When I last contacted them, the Police confirmed nothing had changed since Sep 2022. At that point they stated that nothing had changed since 2021 – two people had been questioned under caution, with no arrests.

Hapless plod

This time round, the Met repeatedly ignored my enquiries until last week when I told them I would be raising a formal complaint if I didn’t get a reply. Perhaps realising more hassle would come from ignoring me than actually bothering to respond, after a bit of to-ing and fro-ing, I got this on the complaint over bonuses:

“The MPS have received an allegation, and are assessing to determine whether there are grounds to suspect a criminal offence has taken place. We remain fully supportive of the ongoing Public Inquiry. We take any report or allegations seriously.”

And this on Op Olympos:

“There have been no further arrests or interviews under caution since September 2022. There is an ongoing Public Inquiry and this has a direct bearing on the pace of and how we proceed with this ongoing investigation. We cannot comment beyond that.”

Hapless plod pt 2

At the beginning of June I asked the Met (under FOI) when they stopped using racist terminology in their Indentification Codes, so that it would be possible to contrast it to the Post Office’s continued usage of offensive terms into the last decade.

We are well over the 20 day limit for a response to my FOI request. Despite repeated emails I have not received an acknowledgment that their response is late, let alone a reason for it, or any indication when I might get a substantive answer. I have got the Information Comissioner’s office involved and will pursue a formal complaint if I don’t get a reply by Tuesday.

Two more referrals from the CCRC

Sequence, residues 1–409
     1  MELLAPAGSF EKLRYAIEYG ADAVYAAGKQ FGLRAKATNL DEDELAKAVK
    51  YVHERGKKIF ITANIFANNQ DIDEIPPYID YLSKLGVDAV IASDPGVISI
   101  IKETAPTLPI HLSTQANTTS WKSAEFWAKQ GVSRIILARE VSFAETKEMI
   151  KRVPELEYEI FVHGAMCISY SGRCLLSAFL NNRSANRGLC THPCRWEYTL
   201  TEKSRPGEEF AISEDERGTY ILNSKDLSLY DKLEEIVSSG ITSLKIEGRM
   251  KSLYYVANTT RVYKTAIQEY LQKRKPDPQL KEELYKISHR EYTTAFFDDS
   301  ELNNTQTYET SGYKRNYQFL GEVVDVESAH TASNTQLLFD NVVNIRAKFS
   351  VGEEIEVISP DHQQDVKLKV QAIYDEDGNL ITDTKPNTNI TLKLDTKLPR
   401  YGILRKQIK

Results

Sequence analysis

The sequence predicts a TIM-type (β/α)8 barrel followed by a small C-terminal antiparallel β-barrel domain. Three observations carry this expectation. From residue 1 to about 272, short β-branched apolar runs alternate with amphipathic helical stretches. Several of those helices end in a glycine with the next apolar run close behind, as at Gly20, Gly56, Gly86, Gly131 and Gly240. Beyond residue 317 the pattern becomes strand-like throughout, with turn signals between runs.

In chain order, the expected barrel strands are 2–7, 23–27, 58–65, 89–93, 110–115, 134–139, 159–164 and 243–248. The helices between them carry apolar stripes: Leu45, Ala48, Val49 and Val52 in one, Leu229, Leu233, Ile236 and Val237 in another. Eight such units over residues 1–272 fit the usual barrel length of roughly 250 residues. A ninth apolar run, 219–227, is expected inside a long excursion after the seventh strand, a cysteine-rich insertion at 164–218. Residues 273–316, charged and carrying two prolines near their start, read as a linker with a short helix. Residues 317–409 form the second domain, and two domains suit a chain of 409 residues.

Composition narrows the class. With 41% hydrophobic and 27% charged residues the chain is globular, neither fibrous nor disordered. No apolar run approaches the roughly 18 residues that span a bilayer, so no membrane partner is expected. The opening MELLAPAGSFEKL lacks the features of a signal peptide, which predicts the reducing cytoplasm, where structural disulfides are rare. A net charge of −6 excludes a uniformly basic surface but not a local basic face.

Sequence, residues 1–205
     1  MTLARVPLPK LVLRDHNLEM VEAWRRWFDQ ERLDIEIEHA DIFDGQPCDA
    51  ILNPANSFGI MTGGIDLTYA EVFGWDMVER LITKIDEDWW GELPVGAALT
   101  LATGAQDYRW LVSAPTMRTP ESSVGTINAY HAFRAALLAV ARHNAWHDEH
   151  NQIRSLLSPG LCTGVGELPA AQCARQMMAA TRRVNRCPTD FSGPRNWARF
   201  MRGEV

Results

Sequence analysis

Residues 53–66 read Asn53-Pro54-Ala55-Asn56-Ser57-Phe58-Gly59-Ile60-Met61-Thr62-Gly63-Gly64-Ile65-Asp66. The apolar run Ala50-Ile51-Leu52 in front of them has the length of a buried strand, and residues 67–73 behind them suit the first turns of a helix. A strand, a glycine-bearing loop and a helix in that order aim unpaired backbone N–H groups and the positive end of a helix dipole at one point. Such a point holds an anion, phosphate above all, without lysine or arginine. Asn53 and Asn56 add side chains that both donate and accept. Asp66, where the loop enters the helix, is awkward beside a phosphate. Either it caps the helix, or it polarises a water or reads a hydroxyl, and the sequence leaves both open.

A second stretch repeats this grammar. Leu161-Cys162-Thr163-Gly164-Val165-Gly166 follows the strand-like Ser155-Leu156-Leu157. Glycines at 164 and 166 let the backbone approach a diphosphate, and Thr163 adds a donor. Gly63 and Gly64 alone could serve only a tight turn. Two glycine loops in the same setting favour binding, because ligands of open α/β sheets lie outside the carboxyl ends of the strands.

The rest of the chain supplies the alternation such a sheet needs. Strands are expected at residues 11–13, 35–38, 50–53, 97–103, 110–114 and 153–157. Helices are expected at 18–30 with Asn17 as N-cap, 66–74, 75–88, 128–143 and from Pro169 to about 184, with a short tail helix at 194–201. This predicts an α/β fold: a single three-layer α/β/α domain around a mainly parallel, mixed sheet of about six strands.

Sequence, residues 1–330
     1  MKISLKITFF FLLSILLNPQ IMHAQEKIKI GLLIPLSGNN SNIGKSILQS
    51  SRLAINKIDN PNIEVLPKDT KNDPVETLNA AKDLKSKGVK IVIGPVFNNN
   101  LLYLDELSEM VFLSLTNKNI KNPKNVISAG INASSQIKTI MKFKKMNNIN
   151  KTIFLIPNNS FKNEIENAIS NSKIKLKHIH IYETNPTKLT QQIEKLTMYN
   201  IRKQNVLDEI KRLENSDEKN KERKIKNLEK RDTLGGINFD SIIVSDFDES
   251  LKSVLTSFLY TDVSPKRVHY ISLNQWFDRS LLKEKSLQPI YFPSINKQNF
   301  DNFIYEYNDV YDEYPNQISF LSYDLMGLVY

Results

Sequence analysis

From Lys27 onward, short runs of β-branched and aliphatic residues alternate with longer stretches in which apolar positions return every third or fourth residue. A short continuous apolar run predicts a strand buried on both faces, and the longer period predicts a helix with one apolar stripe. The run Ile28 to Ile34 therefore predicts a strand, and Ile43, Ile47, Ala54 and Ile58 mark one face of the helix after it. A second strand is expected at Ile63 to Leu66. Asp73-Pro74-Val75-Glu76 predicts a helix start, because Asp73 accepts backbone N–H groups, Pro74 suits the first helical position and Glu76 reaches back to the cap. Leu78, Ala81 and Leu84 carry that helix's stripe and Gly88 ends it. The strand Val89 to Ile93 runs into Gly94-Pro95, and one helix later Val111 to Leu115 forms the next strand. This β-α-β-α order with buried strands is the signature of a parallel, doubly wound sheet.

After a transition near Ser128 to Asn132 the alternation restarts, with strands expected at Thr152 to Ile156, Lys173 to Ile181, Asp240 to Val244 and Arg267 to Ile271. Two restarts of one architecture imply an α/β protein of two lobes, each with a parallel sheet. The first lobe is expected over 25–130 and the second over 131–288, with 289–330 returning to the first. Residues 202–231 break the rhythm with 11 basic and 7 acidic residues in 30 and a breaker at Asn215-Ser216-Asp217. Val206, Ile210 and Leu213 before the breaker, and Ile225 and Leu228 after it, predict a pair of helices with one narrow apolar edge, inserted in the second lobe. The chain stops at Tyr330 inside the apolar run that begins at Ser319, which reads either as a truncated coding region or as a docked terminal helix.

The CCRC have referred two more cases for appeal whilst pushing back against Lord Arbuthnot’s call for every Post Office prosecution to be examined. Computer Weekly has written that up here.

From the archives

Whilst looking for info on Op Olympos on my old site, Post Office Trial, I came across a jaw-dropping story which, I think, deserves another airing. It may astound anyone who isn’t fully across the Post Office’s capacity for malign stupidity.

Trouble Up North (of England) is a long read, but it gives some indication as to the Post Office’s managerial incompetence, its inability or unwillingness to stop actual criminality in its ranks and the human cost to a whistleblower caught up in it all.

That’s it from me for now

I am (probably) going to step away from Post Office things in August, but I hope to be back to follow the Inquiry when it re-convenes in September. Obviously if something big happens I will do my best to cover it, but I am Not At My Desk for most of next month, so I won’t be looking intently at everything.

Do please continue to send me any information you consider relevant. And if you are looking for a good beach read, can I recommend perhaps picking up one of my books – particularly the Other One which currently needs all the help it can get. It has several brilliant reviews, but with a marketing budget of nil, trying to find an audience for it has proved very difficult. Your purchase will make a small publisher very happy.

I hope whatever you get up to this summer is relaxing and recharging and I look forward to writing to you again in the autumn.

Very best